Required Reading is DoomRocket’s love chest, opened twice monthly to champion a book that we adore. This week Arpad recommends ‘Rain’, out October 9 from Dark Horse Books.
by Arpad Okay. Witness the walls erected to protect your city, now nothing more than a bowl to hold the septic soup of a flood. Here is a comic of dire consequences, love in conflict, and the heritage of the countryside. Mary and Bryan Talbot called their book Rain, because precipitation is the tipping point, but what it’s about is soil. Call it “Earth.” Precious, beautiful, important.
The Talbots write for a love of place, seeking home in history. It’s an interesting literary pocket to write from, an ardor for the open country and for literature come together in comics about people drawn to the moorland by books. Bryan’s The Tale of One Bad Rat was about folks like Beatrix Potter living with the bunnies; his and Mary’s Rain is about Brontë fans wandering Top Withins.
When and where influence here and now, and make for a fairy tale warning. If we don’t fight climate change, who will walk the moor singing Kate Bush? Instead, the land is monetized, an industry of grouse shoots that wring out nature like a washcloth. Bird murder population puts the bog ecosystem in peril, the parasites get out of control, people poison the parasites, the land itself runs with poison, the bog ecosystem is put in peril.
Rain makes a powerful argument for conservation, both capturing the beauty of the land with ink and paint, and giving a sense of age in what we’re upsetting through the story being told. It takes thousands of years to form a bog. What we do in these last instants erase what has taken literally forever to come to.
What the Talbots offer is a mature look at this conflict. Not a unified front of community versus corporation. And, like the rings in a tree, the further you travel towards a seed, the denser the pattern. Go deep and there’s as much in the dirt directly beneath your feet as in the whole countryside around you. The lovers argue, little bits of right and wrong in each side, all of it connecting them, the world, and you, the reader. Care about what they have to say and caring about them is next.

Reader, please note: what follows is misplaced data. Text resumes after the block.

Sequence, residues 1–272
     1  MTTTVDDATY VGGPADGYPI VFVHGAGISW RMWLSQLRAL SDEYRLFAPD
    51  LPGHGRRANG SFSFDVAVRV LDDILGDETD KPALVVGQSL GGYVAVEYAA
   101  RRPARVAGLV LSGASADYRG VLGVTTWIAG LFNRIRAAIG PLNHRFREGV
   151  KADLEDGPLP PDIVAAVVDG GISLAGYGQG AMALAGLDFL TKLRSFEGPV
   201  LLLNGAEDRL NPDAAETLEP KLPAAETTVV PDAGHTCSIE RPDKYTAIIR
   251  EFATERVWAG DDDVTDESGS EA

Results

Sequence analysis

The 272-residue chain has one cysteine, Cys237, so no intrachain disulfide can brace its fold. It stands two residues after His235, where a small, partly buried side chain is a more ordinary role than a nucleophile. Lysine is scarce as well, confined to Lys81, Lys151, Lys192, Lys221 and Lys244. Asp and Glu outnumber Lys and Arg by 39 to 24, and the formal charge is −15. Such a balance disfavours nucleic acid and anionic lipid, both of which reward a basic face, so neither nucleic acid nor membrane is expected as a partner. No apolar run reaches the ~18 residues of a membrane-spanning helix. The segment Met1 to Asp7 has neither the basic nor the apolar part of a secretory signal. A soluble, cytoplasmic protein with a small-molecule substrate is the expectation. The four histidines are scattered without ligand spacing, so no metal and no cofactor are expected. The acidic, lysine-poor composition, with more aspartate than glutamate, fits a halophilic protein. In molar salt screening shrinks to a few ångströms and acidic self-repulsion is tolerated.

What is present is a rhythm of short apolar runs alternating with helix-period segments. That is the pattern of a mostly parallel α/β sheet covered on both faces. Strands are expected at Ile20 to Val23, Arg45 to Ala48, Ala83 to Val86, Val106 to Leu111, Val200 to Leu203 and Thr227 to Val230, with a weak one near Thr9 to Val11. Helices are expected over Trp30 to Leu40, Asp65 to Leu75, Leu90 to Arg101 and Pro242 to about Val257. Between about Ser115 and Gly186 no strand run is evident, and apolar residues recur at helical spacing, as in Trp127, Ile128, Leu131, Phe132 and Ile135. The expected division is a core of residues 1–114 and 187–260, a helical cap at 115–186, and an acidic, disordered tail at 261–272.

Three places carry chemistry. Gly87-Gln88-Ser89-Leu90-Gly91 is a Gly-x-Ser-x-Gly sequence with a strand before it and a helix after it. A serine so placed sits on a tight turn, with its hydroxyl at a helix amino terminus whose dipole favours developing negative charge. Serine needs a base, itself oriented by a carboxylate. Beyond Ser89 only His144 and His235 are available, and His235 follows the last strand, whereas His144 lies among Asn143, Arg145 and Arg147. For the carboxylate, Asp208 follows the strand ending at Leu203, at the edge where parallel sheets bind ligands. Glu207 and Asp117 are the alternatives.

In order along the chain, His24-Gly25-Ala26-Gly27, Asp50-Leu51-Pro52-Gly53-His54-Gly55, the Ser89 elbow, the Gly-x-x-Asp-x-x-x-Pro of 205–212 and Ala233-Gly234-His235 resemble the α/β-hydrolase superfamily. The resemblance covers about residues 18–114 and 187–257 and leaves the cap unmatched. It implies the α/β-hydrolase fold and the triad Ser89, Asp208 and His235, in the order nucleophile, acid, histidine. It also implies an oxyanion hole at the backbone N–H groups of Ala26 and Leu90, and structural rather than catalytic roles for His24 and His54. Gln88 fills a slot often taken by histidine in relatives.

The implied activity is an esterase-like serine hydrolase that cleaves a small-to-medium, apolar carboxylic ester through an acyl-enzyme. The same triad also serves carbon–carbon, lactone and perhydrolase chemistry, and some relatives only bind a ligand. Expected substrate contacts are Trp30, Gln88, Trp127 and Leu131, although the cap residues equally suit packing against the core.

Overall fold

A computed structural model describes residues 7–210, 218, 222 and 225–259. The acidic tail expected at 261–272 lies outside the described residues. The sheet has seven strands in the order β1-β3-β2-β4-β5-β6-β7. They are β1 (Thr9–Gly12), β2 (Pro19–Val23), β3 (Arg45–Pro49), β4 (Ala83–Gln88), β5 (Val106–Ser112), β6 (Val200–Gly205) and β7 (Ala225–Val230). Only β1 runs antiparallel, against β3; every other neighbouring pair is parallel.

Then comes danger.
Rain is a work of sublime tactile beauty. Your eyes can feel paper grain and watercolor stain your fingers cannot touch. There’s a vivid tension between enjoying a good story that a crafty natural aesthetic improves and the inclination to let go of the story entirely to be touched by artwork. The interplay between watercolor objects and ink line contours is gentle, subtle, a natural touch. Even the format of the book, panels sized to landscape, contributes to the experience. If you care to catch a film in 70mm, you will fall hard for the book-ness of this graphic novel.
Also arthouse is Talbot’s thoughtful palette choices. There is a vague notion that now is in full color and reveries, memories, and the like are done in monochrome and other limited color palate passages, or scenes where only the nature is colored truly. These atmospheric choices reflect the inner weather of the characters.
Bryan and Mary extract maximum pleasure from modest means. A world of opulence (where you shoot two thousands birds in a day) pales in comparison to putting on old boots. A saint feeding sugar water to a single bee. How beautiful the big sky is, how green the fields. And how dark those who would sew them with lead, or paint the air with blood.
Rain is set to teach. Will you listen? Biodiversity comes from letting the Earth move in its natural cycles. Plant trees. Stage protests. Perform investigative journalism. Be gay, do crime. Read good books and listen to good music. Care, care for what’s in front of you, care for what you can’t see over the horizon. And hope.
Dark Horse Books / Dark Horse Comics / $24.99
Written by Mary M Talbot and Bryan Talbot.
Illustrated by Bryan Talbot.
Lettered by Bryan Talbot.
‘Rain’ hits stores October 9.
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